Degree Name

Doctor of Philosophy


Department of Electrical and Computer Engineering


Delivery of compressed digital video signals over packet switched communications channels has a wide variety of applications. The variable bit rate transmission supported by the Asynchronous Transfer Mode (ATM) offers efficient utilisation of the network resources through statistical multiplexing but introduces new problems to real time services. For video signals the most important matter of concern is network congestion which may lead to cell loss and quality degradation.

In this thesis four packet video coding systems incorporating two-layer coding technique are proposed to overcome the problem of cell loss. The main concept of layered coding is that the layers divide the video information according to an importance criterion. The more important layers are transmitted through high priority channels and the other layers are transmitted over low priority channels. The higher priority layer provides a lower quality version of the signal at a lower average cell-rate, whilst the second layer improves the overall video quality.

The end-to-end performance of a two-layer packet video system is compared with its corresponding single layer system which uses the two-layer coding structure but all data are transmitted through the high priority channel only. The results show that the proposed two-layer systems have superior PSNR. A cost function for evaluating a packet video system and some constraints for "fair" comparison between a two-layer system and its corresponding single layer system are also developed. The cost function includes both the performance of the video compression algorithm and the cost characteristics of the communications channel. In this study the video coding standards, MPEG-I and H.261 are used for the compression algorithm and ATM-based BISDN is considered as the communications channel in all packet video systems studied.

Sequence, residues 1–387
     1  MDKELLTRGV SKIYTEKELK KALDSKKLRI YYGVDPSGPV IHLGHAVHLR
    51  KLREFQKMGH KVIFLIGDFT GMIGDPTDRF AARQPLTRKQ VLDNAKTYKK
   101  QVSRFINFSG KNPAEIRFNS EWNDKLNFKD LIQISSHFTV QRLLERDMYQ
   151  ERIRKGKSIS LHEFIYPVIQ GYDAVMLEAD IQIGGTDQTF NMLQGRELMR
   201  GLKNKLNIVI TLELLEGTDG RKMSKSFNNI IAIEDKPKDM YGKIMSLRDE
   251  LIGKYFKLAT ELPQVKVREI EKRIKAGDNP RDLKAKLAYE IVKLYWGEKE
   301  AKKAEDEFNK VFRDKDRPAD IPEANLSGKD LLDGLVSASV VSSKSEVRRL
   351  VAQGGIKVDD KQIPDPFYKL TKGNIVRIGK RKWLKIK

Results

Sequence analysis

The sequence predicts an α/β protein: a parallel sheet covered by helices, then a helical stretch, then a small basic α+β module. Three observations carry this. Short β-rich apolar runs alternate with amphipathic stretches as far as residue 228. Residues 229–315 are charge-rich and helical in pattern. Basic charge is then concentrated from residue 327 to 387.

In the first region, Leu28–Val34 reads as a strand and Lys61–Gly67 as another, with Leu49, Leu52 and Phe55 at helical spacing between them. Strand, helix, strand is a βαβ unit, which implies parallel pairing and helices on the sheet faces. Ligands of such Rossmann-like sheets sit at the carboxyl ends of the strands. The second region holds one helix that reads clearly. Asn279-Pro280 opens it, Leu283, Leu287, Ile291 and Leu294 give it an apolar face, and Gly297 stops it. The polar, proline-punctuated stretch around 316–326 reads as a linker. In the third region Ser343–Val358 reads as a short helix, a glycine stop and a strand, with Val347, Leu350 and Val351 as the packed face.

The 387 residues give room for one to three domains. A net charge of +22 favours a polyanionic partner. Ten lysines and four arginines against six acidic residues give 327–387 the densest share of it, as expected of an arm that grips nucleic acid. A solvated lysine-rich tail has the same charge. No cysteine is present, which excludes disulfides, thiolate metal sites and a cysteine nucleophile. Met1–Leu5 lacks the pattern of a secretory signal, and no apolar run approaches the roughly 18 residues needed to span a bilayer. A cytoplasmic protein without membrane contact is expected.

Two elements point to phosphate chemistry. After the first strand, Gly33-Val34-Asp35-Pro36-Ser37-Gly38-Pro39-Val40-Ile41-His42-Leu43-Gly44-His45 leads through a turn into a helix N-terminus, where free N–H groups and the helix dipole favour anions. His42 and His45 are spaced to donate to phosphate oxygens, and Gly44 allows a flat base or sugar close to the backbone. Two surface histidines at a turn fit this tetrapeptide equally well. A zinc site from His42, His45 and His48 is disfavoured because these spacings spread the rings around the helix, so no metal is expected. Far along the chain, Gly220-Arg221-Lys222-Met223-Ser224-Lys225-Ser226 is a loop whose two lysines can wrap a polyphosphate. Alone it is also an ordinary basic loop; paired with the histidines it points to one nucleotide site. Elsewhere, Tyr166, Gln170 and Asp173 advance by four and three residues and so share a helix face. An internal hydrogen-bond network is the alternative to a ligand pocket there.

The characterisation of the traffic generated by the encoder of a packet video system is important both in the simulation of the encoder and in the overall analysis of the packet video communications system. It is found that the Gamma density function is an appropriate model for fitting the distribution of the cells-per-frame processes generated by the encoder in each layer of a two-layer system. An Auto-Regressive Integrated Moving Average (ARIMA) model is proposed for the traffic generated by the four twolayer encoders. This model is compared with the Autoregressive order one (AR(1)) model for all proposed two-layer systems. In all cases, ARTMA model shows better goodness-of-fit than the AR(1) model.